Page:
He helped Warriors reach the quarter-finals of the European Challenge Cup and Premiership Rugby Cup this season and has also helped to develop the next generation of Warriors players with the Cavaliers in recent Premiership Rugby Shield matches.
“It has been great to see youngsters come through the academy and see them reaching their potential. That has been very satisfying,” Olivier said.
“Obviously I had that injury last year where I tore the hamstring off the bone. Injuries are part of the rugby experience but it has allowed me to pass on my experience to some of the younger athletes and I have enjoyed working with them.”
Warriors Director of Rugby Alan Solomons, a former South Africa assistant coach. Said: “Wynand has had a terrific career. He is a superb rugby player, a wonderful bloke and a great team man.
“He is the consummate professional. It has been a pleasure and a privilege to work with him. We wish Wynand all the very best for the future.”
Article from Worcester Warriors
He joins Rory Best in announcing his retirement this week. Best announced that he will retire from the game post Rugby World Cup in Japan.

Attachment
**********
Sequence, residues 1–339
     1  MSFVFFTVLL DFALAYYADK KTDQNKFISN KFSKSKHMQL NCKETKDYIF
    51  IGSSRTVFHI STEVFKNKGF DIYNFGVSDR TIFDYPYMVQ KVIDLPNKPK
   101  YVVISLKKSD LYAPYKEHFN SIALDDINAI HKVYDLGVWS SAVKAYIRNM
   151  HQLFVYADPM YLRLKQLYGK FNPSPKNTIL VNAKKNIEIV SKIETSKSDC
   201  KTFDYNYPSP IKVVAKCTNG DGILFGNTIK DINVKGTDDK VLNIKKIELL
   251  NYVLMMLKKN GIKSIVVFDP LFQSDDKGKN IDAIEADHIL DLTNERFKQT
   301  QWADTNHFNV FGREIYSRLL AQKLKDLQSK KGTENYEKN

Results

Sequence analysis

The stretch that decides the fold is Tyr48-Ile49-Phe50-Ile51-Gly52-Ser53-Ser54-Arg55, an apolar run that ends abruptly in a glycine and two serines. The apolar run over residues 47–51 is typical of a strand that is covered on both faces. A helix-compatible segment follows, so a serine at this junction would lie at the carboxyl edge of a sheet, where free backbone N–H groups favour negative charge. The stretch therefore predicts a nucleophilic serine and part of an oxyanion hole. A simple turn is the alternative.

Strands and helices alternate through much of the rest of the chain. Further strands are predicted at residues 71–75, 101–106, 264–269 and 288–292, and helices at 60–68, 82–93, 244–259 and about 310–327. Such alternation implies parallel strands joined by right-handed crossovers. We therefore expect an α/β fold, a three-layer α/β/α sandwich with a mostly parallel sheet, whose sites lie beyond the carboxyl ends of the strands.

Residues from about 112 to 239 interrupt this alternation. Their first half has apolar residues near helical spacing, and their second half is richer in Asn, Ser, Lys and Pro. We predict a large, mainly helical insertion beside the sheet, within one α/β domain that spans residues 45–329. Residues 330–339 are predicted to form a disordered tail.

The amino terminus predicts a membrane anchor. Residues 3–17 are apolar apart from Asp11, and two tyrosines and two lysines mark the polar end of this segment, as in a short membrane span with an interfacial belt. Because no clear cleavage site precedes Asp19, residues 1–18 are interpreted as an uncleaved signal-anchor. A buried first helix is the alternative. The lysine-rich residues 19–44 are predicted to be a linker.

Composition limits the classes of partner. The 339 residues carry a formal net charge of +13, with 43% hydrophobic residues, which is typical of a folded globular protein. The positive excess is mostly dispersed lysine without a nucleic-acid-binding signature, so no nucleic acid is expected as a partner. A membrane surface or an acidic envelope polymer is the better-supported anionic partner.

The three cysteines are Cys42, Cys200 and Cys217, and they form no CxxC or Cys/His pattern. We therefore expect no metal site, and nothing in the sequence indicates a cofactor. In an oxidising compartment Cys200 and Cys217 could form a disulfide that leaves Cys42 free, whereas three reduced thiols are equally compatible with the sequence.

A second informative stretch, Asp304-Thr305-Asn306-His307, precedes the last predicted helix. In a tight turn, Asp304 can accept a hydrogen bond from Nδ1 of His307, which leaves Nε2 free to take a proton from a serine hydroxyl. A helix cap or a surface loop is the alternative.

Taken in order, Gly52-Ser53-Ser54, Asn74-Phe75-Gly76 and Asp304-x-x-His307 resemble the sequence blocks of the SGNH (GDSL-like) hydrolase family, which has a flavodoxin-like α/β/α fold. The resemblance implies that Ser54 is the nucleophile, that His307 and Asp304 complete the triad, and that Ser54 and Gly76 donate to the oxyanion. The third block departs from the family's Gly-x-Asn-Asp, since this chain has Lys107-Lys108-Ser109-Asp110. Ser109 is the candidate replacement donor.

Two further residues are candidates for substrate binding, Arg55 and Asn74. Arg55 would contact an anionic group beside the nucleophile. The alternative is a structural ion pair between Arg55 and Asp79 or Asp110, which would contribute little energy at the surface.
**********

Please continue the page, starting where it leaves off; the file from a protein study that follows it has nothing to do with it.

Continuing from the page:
Pocock to be Eased Back Following Injury
David Pocock will have his “load managed” when he returns from injury
The flanker has been unavailable since his Brumbies side lost to the Rebels on March 8th when he sustained a calf injury.
Speaking ahead of the weekend’s clash Brumbies coach Dan McKellar has confirmed that Pocock will not be rushed back and will be managed carefully.
“You have to manage him. Calf injuries … they can be tricky and hang around a while, so we have to manage his load well. He’s not going to play 80 minutes. That would be silly from our end. We’re just going to manage him wisely and make sure he can string some games together,” he said.
The coach also spoke of Pocock’s vital influence for both his team and the Wallabies heading into the World Cup later this year and would like to get him to build some momentum to get back to his best.